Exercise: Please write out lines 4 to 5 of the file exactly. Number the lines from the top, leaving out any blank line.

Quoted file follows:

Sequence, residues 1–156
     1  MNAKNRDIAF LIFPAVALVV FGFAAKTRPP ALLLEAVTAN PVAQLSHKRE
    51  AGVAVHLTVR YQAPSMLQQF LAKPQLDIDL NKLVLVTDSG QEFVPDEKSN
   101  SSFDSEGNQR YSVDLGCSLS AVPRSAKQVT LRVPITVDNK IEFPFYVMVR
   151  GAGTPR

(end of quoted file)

   101  SSFDSEGNQR YSVDLGCSLS AVPRSAKQVT LRVPITVDNK IEFPFYVMVR
   151  GAGTPR